GH: He had a real block when we got back. He did works I wasn’t that keen on, like Welcome to Mt Eden, trying to cope with being back and the change of light. There were abstracts, but they weren’t working, and he was floundering around without any real direction. He didn’t really get his breakthrough until we were on the beach one day and he started to look at the people in the light, on the sand, which was almost a ‘eureka’ moment. After that he started his Figures in Light series – one of his best breakthroughs, I feel. He finally accepted the shock of New Zealand light – the fact that you could ‘see’ – he would go to the top of Mt Eden where you could see for 50 miles! Try that in England. Now it’s a lot cleaner there, but there’s a funny, warm light in Europe which you don’t get here.
But he was still worried about what he was doing, and about being too influenced by what he was taught at art school – he’d get huge blocks when he couldn’t work and he’d get cross and grumpy. He had a room in Grafton where he worked, and he blacked it all out and blindfolded himself and painted, trying to unlearn what he’d learnt at art school. I’ve always thought he had a terrific skill of laying on paint. If you look at his work he knew absolutely what he was doing – he had absolute control of his brushstrokes. He enjoyed the period painting in the black room where he didn’t know what was happening, then putting the light on to see what he’d done.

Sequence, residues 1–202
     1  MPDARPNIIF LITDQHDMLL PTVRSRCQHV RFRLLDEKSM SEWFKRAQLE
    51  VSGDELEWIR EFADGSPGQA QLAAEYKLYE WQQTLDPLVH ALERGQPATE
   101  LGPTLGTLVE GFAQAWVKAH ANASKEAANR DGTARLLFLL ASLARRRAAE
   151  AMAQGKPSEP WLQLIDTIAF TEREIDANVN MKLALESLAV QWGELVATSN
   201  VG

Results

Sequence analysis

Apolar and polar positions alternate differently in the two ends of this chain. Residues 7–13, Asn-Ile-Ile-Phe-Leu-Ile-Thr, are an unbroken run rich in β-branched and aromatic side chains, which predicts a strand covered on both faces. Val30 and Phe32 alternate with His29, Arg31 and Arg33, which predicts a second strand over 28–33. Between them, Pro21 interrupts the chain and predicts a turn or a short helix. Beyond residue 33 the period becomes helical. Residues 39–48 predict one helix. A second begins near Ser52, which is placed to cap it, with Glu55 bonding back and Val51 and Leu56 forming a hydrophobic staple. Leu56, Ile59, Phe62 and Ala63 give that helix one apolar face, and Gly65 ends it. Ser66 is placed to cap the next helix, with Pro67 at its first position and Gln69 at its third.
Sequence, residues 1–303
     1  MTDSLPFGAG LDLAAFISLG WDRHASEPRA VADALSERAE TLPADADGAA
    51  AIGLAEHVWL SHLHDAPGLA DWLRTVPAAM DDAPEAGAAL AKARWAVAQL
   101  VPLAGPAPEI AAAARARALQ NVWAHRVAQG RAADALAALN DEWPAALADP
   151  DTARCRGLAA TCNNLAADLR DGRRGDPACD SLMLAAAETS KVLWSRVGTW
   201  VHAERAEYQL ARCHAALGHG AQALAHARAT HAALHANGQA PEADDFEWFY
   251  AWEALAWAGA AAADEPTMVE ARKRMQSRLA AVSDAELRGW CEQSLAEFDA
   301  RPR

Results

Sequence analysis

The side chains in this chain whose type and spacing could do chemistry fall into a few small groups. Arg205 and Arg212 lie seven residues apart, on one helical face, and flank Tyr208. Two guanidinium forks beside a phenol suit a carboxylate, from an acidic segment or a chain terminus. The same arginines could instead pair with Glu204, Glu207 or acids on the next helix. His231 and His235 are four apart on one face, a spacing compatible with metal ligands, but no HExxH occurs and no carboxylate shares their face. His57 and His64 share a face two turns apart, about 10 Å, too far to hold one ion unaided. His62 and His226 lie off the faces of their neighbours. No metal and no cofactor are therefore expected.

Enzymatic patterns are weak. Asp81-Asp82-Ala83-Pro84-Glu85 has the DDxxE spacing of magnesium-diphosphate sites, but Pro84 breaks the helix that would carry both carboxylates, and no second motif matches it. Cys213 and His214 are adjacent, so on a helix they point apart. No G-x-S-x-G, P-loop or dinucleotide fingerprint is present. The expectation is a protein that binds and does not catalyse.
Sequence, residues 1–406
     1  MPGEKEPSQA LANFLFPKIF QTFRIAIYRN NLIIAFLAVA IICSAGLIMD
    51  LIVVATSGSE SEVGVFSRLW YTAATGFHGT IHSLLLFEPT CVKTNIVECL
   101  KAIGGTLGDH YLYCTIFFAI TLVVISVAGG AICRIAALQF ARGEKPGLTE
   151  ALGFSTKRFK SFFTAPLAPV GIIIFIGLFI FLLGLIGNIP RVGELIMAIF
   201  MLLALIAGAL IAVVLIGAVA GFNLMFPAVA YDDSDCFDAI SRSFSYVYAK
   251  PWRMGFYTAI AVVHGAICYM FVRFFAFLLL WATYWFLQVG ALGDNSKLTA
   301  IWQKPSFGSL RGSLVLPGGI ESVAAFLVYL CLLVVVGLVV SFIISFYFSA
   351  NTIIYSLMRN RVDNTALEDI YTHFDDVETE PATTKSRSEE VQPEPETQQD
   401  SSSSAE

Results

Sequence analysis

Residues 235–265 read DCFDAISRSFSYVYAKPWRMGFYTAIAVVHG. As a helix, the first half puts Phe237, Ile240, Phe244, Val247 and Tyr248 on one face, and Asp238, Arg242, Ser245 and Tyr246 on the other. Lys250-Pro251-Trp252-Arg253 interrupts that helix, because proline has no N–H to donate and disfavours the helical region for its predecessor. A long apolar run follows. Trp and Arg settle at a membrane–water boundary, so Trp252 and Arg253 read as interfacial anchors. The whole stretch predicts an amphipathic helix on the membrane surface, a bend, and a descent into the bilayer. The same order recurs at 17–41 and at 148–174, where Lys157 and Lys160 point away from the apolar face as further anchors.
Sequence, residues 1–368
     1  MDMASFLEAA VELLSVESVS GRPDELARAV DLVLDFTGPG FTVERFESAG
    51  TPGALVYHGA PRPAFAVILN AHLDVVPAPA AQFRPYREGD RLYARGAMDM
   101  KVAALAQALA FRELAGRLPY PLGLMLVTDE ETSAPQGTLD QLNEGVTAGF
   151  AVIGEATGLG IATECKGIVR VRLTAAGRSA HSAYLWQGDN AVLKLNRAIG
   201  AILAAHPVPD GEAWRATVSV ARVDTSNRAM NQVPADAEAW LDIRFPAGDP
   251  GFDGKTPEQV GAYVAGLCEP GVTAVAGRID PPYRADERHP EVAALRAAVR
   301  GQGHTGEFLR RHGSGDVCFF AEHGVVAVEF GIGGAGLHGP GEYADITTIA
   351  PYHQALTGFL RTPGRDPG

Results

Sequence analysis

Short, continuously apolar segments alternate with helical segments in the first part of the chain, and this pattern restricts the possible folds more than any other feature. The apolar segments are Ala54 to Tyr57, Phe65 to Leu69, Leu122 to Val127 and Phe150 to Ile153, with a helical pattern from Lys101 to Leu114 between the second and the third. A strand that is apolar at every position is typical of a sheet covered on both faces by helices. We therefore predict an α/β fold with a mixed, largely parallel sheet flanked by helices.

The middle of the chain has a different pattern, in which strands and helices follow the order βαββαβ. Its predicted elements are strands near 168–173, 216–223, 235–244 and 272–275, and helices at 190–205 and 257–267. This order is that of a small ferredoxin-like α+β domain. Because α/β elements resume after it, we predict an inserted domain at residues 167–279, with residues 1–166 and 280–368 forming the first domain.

AN: In the 1970s Pat started painting murals – for Birkenhead Hotel, Christchurch Town Hall, Auckland Medical School and Auckland Airport. How did this work come about?